About This Project

What’s the story behind this website?

At age 17, I had an accident that left me with a left leg amputation and a brain injury (TBI). Years later, things were getting better and I thought that I was done with brain injury, but apparently brain injury was not done with me…


You see, at age 12, my daughter Sarah also had a brain injury (ABI) as a result of hemorrhagic stroke. It was difficult to watch her starting her teen years with a broken brain, and the challenge of navigating through her new and unknown world. But, living through years of hidden TBI struggles myself, allowed me to better help my child through her ABI challenges. Together, through our experience and knowledge, we have developed necessary skills to better identify and confront those brain injury challenges. In the end, we have both fared relatively well. In the process, I have gained valuable knowledge in the world of brain injury, and my daughter took it one step further, and completed her Masters and PhD in Neuropsychology. She is now a subject matter expert. Sarah and I continue to collaborate, and her experiences and knowledge will be felt throughout this web space.

Also, as I age, I have discovered that a shrinking brain and other degenerative processes can cause some brain injury symptoms to return, and other new symptoms to develop, including tremor-related illnesses. Furthermore, brain injuries are often misdiagnosed or go undetected because the symptoms are not immediately apparent, or because the symptoms mimic those of another medical condition, including mental illness, emotional trauma, PTSD, and Covid-19 long-hauler (long-Covid). Regardless, those of us who are all too familiar with brain injury symptoms, advocate for the inclusion of anyone who experiences the same, regardless of how the symptoms came to be. If you have the symptoms, you will need the help. Brain injury symptoms may include, but are not limited to, headaches, dizziness, nausea, fatigue, impulsive behavior, reduced inhibitions, brain fog, blurred vision, anxiety, memory loss, balance issues, hearing issues, dexterity, photophobia, changes to depth perception, decreased reaction time, clouded judgment, sensitivity to sound & light, low attention span, losing old knowledge, difficulty retaining new knowledge, decreased focus, sensory overload, and brain processing jam.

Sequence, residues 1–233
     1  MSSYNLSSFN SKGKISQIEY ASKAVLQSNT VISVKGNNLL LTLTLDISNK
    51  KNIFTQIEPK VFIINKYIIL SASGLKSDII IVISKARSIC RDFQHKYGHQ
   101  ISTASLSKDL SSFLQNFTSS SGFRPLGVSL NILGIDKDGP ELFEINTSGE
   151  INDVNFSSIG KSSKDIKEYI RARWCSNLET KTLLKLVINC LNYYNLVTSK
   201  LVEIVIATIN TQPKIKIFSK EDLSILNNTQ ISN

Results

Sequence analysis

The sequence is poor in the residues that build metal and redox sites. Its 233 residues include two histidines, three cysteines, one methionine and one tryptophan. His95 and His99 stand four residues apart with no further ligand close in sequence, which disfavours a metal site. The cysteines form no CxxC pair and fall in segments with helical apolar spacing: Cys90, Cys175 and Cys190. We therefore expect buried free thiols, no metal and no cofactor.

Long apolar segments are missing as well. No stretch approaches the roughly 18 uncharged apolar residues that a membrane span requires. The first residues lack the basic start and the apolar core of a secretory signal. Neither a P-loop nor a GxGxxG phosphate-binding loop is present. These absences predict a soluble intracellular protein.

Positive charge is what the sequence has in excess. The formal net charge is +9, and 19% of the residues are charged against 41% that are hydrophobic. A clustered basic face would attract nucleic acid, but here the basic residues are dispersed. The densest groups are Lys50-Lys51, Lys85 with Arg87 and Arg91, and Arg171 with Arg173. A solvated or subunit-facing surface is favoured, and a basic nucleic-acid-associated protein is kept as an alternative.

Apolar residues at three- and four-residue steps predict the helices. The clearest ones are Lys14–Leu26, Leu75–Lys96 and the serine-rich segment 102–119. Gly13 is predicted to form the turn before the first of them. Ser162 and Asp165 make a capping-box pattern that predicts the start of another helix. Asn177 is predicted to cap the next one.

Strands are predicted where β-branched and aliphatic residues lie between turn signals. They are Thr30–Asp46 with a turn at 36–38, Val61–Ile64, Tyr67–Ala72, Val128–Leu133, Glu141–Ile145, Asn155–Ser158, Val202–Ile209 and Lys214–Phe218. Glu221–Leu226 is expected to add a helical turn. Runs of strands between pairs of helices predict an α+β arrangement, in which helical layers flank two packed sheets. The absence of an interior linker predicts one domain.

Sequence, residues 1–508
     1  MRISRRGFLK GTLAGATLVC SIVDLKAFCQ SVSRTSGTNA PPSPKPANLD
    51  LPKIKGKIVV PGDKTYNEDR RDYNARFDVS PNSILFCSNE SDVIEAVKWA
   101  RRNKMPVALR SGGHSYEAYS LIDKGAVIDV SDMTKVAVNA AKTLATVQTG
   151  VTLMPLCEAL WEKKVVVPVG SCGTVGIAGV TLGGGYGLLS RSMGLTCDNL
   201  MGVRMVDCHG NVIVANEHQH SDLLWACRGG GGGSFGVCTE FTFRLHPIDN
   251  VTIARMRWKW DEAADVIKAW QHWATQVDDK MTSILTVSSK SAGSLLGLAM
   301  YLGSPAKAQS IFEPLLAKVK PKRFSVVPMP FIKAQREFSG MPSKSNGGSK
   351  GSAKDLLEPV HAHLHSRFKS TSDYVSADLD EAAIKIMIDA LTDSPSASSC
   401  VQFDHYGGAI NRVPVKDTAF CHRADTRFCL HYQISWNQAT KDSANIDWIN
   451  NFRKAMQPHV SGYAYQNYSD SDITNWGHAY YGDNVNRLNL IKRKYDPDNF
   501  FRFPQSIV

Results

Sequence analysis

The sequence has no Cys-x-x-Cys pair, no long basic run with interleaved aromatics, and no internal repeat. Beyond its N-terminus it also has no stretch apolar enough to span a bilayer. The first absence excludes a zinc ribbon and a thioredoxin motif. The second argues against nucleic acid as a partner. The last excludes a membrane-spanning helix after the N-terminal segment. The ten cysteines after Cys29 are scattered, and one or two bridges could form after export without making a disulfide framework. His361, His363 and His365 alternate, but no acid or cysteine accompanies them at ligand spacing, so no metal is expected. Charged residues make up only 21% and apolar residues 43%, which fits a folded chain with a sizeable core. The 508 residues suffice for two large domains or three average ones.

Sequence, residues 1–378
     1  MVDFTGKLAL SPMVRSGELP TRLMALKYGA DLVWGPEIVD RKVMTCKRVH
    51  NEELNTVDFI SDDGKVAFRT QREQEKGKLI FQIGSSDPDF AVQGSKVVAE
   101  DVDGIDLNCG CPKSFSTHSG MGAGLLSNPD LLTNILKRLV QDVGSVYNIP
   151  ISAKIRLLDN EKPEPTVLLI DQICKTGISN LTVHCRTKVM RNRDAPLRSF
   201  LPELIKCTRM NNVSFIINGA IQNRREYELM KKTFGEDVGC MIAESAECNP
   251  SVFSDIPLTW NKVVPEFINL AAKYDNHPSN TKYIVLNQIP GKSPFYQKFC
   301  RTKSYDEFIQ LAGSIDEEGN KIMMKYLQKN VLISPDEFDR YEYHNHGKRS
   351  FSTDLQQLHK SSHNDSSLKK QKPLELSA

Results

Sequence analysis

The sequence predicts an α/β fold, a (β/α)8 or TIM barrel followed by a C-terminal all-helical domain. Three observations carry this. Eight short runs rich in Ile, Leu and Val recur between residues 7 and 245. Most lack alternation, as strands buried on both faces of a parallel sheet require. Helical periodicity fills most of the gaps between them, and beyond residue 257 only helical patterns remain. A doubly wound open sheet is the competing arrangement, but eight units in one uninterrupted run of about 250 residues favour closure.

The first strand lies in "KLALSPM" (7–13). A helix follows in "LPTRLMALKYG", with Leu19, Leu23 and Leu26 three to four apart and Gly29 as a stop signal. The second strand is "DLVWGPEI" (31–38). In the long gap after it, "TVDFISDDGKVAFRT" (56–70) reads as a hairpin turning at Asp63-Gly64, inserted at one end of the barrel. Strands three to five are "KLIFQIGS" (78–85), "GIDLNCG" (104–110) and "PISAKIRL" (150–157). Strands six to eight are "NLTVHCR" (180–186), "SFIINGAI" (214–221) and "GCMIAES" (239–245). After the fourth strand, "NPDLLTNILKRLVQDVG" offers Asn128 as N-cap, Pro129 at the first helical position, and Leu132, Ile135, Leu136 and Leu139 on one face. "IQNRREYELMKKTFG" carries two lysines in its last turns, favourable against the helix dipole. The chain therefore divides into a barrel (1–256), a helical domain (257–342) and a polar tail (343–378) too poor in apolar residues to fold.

Brain injury is an under supported cause, and brain injury survivors often don’t get the help they need. This is a much harder battle because the brain is injured, so you generally relay on others for help, as you don’t even know what you really need. I know this through much experience as a brain injury survivor, and as someone who provided support. But together, we can do better. There is no established or direct path from injury to symptoms to recovery, so those of us who lived through those significant experiences (injury, support, or both) are duty bound to help others in need, and help those searching for answers. Through this comprehensive, self-help webspace for all, we provide mentoring and support, advocacy and navigation, to help guide you through those challenging and often debilitating symptoms. We also advocate and shed light on essential tools that are needed throughout the healing and recovery journey, like support groups, proper nutrition and hydration, organized adaptive activities, music and art therapy, using the natural outdoors for self-care, etc. Ultimately, during the brain healing and recovery process, our experience will help you establish achievable goals, maintain a safe and healthy lifestyle, and set realistic expectations on what the road to recovery will look like.

...Show less

Why is helping brain injury survivors a challenge?

Advocating for brain injury survivors and providing early mentoring and support is vital for healing and recovery. Why? When the brain is injured, you generally don’t know what you need, and you relay on others for help and support… 


Also, those challenging brain injury symptoms are not necessarily obvious or visible to others, so the struggle is often hidden and the fight to overcome is usually concealed. That’s why brain injury survivors need help fast in order to make recovery job one, but they cannot do it alone.

First and foremost, brain injury survivors need help dealing with those significant symptoms, which are often overwhelming and debilitating. Brain injury survivors also need to be in a safe environment with positive reinforcement. They need help maintaining hydration and proper nutrition while their brain is in repair. They need help to stay socially engaged while the brain establishes new pathways. They need to stay involved, through adaptive indoor and outdoor activities and brain relearning tools. They need mentoring on how to reconcile old knowledge with new. They need help with occupational therapy and re-integrating into society. They need our understanding and encouragement when they are not feeling or acting themselves, or when they are forced to turn nocturnal to avoid sun light, vision and sensory issues. They need our help through creative therapy, like art and music, in order to engage new brain functions. Most important, they need our unconditional love, understanding, and support as their lives and livelihood can be out of their control.